When Sergeant Tully was interviewed by federal investigators this week, he said he could not support Mr. Walsh's account, although it is unclear precisely why. But Sergeant Tully has acknowledged that his former partner, Mr. Walsh, has talked in recent years about what he believed was Detective Turetzky's inability to identify Officer Schwarz, according to a person with knowledge of Sergeant Tully's account.

The third supervisor present that night, Captain Peters, told federal officials on Wednesday that he did not recall that anyone in the room that night had ever asked Detective Turetzky a question about who had led Mr. Louima toward the bathroom, a person with knowledge of the investigation said. But Captain Peters did recall, the person said, that Detective Turetzky had said he found it difficult to tell Officers Wiese and Schwarz apart.

Captain Peters also recalled, the person said, that at one point in their conversation, a police union delegate entered the room and the delegate's sudden appearance seemed to make Detective Turetzky uncomfortable. The captain escorted the delegate out of the room, the person said, but when he returned minutes later Detective Turetzky decided to call the Internal Affairs Bureau, with whom he already had a scheduled interview at 8 that morning.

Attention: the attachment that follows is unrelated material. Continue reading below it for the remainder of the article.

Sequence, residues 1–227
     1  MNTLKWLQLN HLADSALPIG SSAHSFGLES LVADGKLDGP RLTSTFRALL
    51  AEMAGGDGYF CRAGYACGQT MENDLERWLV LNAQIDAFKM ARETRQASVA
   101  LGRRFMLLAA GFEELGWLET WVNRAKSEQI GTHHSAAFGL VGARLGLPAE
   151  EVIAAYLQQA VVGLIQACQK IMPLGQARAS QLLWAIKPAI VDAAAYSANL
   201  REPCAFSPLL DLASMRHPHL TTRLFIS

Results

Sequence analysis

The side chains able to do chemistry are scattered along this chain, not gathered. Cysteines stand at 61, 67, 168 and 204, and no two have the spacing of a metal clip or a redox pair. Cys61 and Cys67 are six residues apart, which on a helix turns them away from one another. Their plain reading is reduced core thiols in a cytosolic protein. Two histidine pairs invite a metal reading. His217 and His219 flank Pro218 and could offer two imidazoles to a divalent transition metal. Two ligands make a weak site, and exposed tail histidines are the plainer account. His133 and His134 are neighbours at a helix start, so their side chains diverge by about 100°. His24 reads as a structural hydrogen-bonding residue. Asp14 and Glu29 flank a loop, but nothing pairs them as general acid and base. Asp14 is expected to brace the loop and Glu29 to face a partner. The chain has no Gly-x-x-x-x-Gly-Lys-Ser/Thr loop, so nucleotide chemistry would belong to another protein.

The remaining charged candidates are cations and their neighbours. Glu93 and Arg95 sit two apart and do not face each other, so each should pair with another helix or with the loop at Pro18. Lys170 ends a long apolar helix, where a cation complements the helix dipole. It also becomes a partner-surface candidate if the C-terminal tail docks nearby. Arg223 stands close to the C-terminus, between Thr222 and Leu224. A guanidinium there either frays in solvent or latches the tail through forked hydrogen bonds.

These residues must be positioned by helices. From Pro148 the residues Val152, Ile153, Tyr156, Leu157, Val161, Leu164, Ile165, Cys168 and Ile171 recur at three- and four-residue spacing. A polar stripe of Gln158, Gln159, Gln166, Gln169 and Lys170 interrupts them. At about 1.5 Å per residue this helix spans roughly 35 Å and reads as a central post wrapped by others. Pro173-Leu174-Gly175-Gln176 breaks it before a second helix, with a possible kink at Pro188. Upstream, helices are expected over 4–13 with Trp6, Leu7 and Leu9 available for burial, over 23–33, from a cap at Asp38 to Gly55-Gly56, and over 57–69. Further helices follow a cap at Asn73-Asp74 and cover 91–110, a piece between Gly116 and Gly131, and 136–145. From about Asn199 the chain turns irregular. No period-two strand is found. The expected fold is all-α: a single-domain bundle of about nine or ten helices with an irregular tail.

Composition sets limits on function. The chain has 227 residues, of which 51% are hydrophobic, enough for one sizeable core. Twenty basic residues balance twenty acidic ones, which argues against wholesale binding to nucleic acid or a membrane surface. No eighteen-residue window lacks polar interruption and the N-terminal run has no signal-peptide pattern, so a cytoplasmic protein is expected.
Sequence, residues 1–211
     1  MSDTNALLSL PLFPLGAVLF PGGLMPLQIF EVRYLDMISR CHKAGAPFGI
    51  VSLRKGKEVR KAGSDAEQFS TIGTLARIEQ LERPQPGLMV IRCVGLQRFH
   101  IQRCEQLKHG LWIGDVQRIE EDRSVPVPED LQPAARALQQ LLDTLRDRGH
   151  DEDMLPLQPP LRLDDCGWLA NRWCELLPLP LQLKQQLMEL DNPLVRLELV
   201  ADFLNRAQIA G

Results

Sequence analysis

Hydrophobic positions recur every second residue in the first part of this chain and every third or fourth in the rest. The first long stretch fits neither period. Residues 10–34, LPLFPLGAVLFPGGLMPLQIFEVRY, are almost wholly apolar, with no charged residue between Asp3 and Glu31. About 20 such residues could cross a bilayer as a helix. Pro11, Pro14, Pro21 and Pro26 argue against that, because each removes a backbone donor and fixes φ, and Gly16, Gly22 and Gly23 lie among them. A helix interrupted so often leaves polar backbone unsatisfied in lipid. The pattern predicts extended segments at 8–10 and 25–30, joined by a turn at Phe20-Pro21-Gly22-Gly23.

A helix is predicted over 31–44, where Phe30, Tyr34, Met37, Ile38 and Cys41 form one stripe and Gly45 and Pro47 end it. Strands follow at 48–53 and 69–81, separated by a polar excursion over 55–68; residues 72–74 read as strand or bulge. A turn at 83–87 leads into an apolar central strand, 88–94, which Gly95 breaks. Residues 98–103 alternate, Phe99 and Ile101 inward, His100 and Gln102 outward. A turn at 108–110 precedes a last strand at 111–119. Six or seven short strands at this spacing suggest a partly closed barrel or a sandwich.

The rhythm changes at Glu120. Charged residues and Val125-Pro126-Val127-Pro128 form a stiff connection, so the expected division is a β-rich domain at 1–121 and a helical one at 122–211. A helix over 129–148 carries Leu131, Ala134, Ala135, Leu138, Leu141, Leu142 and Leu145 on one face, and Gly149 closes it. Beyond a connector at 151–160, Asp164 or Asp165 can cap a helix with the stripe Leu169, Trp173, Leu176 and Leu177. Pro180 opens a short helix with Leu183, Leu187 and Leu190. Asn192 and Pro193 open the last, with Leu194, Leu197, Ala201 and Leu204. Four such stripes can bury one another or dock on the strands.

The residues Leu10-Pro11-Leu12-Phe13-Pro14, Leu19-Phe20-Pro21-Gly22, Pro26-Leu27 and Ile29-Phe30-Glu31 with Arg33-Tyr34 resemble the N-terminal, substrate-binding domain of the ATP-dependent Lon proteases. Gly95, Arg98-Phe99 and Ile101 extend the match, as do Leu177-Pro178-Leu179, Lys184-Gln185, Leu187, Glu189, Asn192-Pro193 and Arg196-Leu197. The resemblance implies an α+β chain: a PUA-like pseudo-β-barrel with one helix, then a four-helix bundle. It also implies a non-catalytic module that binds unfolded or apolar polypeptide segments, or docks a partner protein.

A captain and two lieutenants from Internal Affairs arrived at the station house about 4 a.m., according to trial testimony, and took Detective Turetzky to an office at Nazareth High School for a formal interview.

According to a transcript of the tape-recorded interview, Detective Turetzky told the investigators that he was certain that Officer Schwarz had been the one who had led Mr. Louima toward the bathroom. "You're positive of that?" Capt. Barry Fried asked. "Yes," Detective Turetzky replied.